A Fascinating Blend of Fact, Fiction, History, Romance and the Metaphysical
Based on an actual event, The Bridge of Deaths tells the story of one woman’s search to uncover the truth behind the death of her grandfather. On August 15th, 1939, an English aircraft crashed in suspicious circumstances in Danish waters. Aboard were 5 important passengers, amongst them the author’s grandfather. Two weeks later, World War Two broke out. This part is factual, as is the incredibly well-documented data revealed throughout the book. And the factual information ties in masterfully with the fictional characters and plot.
There are three main characters in the book: Bill, Maggie and Catalina. These characters are well-developed and likeable.
The fiction begins with Bill and Maggie meeting in the self-help section of a book store in London. They are instantly attracted to each other and become close. Bill tells Maggie of the nightmares he is experiencing involving the numbers on the side of a plane, visions of a bridge and the taste of cold salt water; all from a past life. Maggie suggests he try Past Life Regression. She then finds details of the air crash on the internet which leads her to contact the third character, Catalina.
Catalina, a Floridian woman, who has spent many years researching the crash herself – which also shows all the signs of a conspiracy – is delighted to find someone else who is interested in the mystery. Maggie and Catalina agree to help each other and keep in touch via email and Skype calls, which also involves drinking several glasses of wine each, and smoking loads of cigarettes. The trio decide the best way to solve the enigma is through Bill’s regression, which in turn allows Bill to unravel his dreams. Between them they manage to put together the facts; before, during, and after the plane crash.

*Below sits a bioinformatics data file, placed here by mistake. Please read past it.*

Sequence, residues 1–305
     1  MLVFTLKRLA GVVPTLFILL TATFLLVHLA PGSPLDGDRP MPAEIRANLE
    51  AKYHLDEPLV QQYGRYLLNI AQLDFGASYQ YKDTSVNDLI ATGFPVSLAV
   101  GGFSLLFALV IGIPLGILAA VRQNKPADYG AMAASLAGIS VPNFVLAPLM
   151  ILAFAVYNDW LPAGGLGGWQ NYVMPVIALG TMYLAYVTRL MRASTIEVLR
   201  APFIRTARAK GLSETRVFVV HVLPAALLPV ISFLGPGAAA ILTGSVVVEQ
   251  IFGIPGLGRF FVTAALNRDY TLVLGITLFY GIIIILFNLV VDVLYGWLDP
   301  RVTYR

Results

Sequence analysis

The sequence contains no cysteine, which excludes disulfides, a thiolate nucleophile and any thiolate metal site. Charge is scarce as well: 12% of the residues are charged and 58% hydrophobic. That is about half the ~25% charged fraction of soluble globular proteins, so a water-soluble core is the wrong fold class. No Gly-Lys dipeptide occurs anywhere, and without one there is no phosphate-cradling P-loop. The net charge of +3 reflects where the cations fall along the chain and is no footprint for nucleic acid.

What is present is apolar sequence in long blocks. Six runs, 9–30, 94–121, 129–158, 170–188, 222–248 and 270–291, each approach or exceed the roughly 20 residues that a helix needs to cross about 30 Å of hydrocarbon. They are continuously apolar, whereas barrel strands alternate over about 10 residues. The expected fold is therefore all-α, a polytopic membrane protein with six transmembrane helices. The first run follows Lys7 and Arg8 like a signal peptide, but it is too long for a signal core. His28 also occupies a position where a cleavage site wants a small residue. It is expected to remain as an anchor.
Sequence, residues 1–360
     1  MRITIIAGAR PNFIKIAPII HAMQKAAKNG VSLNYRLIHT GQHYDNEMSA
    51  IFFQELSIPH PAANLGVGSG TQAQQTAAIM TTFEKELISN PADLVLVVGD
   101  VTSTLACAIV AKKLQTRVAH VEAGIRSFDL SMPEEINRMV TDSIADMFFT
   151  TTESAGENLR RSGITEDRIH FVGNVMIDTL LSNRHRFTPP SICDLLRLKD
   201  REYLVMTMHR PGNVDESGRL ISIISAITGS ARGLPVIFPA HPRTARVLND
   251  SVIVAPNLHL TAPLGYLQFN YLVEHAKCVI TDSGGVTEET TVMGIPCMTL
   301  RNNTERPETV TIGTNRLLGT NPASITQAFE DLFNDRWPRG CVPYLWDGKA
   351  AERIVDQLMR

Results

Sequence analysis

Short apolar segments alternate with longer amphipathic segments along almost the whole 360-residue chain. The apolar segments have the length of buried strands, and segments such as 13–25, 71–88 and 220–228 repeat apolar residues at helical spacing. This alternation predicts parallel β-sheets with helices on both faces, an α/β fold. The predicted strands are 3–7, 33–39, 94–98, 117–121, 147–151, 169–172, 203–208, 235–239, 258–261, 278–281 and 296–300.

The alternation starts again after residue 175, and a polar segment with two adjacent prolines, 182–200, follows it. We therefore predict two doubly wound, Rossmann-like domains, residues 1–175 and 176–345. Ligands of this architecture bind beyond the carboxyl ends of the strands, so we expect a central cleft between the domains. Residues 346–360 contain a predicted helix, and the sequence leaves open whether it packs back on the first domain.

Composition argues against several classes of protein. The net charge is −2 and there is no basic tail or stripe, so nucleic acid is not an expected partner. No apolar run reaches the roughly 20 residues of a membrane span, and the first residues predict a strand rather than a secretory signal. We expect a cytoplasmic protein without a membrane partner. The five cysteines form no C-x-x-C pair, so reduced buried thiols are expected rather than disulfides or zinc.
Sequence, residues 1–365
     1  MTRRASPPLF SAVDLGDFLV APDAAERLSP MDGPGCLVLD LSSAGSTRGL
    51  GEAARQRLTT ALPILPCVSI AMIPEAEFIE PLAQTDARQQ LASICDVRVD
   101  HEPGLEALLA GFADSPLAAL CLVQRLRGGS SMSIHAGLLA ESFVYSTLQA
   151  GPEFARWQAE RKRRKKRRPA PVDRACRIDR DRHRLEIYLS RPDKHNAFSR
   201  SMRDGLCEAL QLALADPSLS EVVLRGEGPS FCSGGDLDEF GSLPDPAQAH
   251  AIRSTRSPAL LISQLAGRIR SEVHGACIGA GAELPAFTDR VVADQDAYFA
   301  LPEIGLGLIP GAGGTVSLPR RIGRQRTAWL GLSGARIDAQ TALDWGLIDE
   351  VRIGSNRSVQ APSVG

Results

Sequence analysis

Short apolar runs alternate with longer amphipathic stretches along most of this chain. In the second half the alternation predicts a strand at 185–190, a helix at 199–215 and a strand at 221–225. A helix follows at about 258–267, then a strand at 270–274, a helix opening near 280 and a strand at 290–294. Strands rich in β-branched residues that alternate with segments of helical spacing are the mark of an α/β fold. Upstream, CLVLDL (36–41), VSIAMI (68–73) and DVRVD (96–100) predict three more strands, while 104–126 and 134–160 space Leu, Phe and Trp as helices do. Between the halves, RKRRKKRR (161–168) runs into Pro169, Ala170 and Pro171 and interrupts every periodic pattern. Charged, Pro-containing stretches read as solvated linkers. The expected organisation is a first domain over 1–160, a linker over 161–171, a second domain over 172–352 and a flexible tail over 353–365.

M.C.V.Egan has authored a book that screams years of dedicated research, to say nothing of how well-written it is. I was captured from the very first page. Throughout the book, I particularly enjoyed the Skype discussions between Maggie and Catalina which made me feel I was sitting there listening to them first hand, being part of the conversation, not reading about them in a book. Although the narrative is extremely detailed in parts, I found myself wanting all the information I could get. I was completely enthralled and found it difficult to put down. Though I did, through necessity, several times, but found the thread was easy to pick up again.
It is quite clear many years of love and hard work have gone into this work. It is also clear there is a very strong personal motive behind the writing of it. Having now finished reading, I would say those twenty years of research have unquestionably paid off.
I thoroughly enjoyed reading this book which is now taking its rightful place on my ‘to be read again soon’ shelf.
Without any hesitation, I am giving The Bridge of Deaths the full 5 stars.